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Jun 2, 2022 • Deep Dive

Running Across NJ For Change

You might remember that in early April, Ray Pinney and Anthony Certa, two runners and all-around all-stars, ran from the tip of New Jersey in High Point all the way to the Cape May Lighthouse.

If you’re not familiar with this feat, strap in, because the story is pretty incredible! They ran the route in less than four days! And they did it all while raising money for nonprofit Dylan’s Wings of Change.

Over the course of that windy and dreary April weekend, they raised over $8,000!

Dylan’s Wings of Change is a foundation dedicated to the memory of Dylan Hockley, one of the first grade victims of the mass shooting at Sandy Hook Elementary School. The organization works with schools across NJ, CT, and NY on social and emotional learning and school climate transformation. They continue to expand their programs each year for both children and adults, with content tailored to each organization’s specific needs.

We’re incredibly proud to have been a small part of this journey with the Wingman Movement, one of the organization’s leading programs.

As runners Ray and Anthony were nearing our end of the state, their team members Founder Ian Hockley and Program Director Robb Armstrong met up at the brewery to share their progress and talk about the journey.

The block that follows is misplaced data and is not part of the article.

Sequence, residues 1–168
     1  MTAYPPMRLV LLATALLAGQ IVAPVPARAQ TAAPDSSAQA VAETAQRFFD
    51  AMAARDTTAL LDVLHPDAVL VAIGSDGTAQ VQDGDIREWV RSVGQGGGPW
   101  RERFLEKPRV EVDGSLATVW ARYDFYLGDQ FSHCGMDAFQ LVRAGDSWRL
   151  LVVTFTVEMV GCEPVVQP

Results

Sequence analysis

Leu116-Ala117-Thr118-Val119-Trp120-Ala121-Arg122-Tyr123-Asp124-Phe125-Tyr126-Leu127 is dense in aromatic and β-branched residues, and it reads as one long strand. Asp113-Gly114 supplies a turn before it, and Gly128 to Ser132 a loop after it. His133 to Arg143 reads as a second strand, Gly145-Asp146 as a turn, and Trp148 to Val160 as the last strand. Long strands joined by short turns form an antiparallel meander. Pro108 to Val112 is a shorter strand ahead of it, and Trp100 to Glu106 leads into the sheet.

In this two-part blog series, we’ll explore Robb and Ian’s perspectives, and then hear some from one of the runners, and the man behind this run, Ray Pinney himself!

Let’s dig in!

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On a windy day in early April, Robb and Ian took a quick break from directing the runners to stop by the brewery and fill us in on their progress.

“It’s just been step-by-step of phenomenal gestures,” says Robb. “It’s been awesome.”

This was Robb and Ian’s first time to the Tasting Room; they typically work up in North Jersey when they’re in the area.

They’ve had some of our brews before, including staples Cape May IPA, Devil’s Reach, and Coastal Evacuation, and we encouraged them to grab a couple flights while they hung out and chatted with us so that they could try some of the over 20 different brews we have on tap.

“We have a little window of celebration to enjoy,” Robb says with a smile.

“We packaged them up to do 13 miles and a bit; they’re doing a half marathon now, and they’ll get to their next stop point and we’ll meet them after that,” Ian shares.

You might be thinking…High Point to Cape May…how far is that??

“The total run wound up being about 194 miles. 188 is the shortest route, and is what we were aiming for, but the rain and weather made that difficult,” Ian says.